“A satisfied customer is the best business strategy of all” – Michael LeBoeuf
TSX Rises, Major US Indices Also Close Out the Week with Increases
The Toronto Stock Exchange’s S&P/TSX composite index rose – on the back of rising oil – by 1.2% on Friday to close out the week at 15,582.04, but it wasn’t alone. The S&P 500 recorded a record-high close of 2,399.29, the Dow Jones Industrial Average rose 0.26% to finish at 21,006.94, and the Nasdaq Composite climbed to 6,100.76 to finish off the week.
Rising oil prices, as well as strong US jobs numbers, better-than-expected earnings calls, and unchanged interest rates, helped to buoy the US indices. The US added 211,000 nonfarm jobs in April, up from a modest March increase of 79,000.
Oil enjoyed a bump on the news that Russian and Saudi Arabia may be ready to extend supply cuts, joining OPEC. The Federal Reserve opted to stay the course without an increase at this time. According to Thomson Reuters data, investors put the odds of a June rate increase at 75%. Lastly, the earnings reports for the first quarter 2017 gave investors a confidence boost. The S&P 500 first quarter returns were their strongest since 2011, at an increase of 14.7%.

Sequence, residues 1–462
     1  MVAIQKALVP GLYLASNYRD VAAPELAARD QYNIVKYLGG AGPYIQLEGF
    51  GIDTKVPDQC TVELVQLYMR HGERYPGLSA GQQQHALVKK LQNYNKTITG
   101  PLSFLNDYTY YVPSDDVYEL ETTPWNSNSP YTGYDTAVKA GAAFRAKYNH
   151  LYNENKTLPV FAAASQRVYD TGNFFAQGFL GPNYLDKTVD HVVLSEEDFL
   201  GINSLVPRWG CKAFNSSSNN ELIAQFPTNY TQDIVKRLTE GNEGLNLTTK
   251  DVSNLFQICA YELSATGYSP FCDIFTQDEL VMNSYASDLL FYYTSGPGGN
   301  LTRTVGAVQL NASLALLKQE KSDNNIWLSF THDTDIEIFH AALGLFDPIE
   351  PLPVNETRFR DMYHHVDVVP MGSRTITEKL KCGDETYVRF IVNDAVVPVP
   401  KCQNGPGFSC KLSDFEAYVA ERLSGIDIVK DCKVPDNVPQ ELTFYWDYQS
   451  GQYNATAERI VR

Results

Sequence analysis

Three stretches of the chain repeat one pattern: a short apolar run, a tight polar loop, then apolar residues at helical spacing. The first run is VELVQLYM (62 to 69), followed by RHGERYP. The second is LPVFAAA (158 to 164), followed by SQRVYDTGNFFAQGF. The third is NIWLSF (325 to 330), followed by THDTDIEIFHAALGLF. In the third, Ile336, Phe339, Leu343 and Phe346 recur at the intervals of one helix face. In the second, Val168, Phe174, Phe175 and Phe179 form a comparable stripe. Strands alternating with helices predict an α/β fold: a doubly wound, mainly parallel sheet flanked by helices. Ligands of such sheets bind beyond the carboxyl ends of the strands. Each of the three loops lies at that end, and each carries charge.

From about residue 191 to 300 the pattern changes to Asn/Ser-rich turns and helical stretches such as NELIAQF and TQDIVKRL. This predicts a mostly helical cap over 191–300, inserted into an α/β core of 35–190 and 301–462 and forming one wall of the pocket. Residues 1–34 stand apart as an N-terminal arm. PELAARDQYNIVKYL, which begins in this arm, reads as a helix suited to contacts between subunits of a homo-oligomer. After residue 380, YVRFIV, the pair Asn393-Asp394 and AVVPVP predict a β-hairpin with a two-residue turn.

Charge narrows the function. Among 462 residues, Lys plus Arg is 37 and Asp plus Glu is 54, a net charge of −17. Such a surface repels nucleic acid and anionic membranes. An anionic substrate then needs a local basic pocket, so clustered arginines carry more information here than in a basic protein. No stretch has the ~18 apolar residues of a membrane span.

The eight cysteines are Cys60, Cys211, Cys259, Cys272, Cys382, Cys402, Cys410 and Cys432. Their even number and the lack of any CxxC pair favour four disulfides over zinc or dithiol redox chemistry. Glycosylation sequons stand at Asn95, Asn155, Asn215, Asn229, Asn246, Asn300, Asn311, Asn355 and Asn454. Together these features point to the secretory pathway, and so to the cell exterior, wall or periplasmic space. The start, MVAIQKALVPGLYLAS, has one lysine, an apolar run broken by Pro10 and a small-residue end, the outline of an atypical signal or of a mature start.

U.S. House of Representatives Passes American Health Care Act
The U.S. Congress narrowly voted in favour of repealing much of the Affordable Care Act, known also as “Obamacare”. The AHCA – coined “Trumpcare” – must still get through the Senate to be signed into law by President Trump. While many political analysts feel that the bill is likely to be voted down by the Senate, there is a chance that Trumpcare will come into effect.
The impact on U.S. markets remains to be seen, but markets were up on Friday after a mixed post-vote Thursday.
The Healthcare industry in the United States has been estimated to be about 1/6th of its economy, so such a vast overhaul would create waves throughout the entire economy. Should the bill come into law, the Healthcare industry would potentially stand to gain ground in the short term, due to an increased set of pre-existing conditions that could lead to denial of coverage.
Looking at the mid- to long-term, with the loss of coverage anticipated to be in the 24-million-person range, it is possible that Trumpcare would end up being a drag on the economy, as the uninsured may not be able to afford their healthcare bills, should they become ill.
Sources: Globe Advisor, New York Times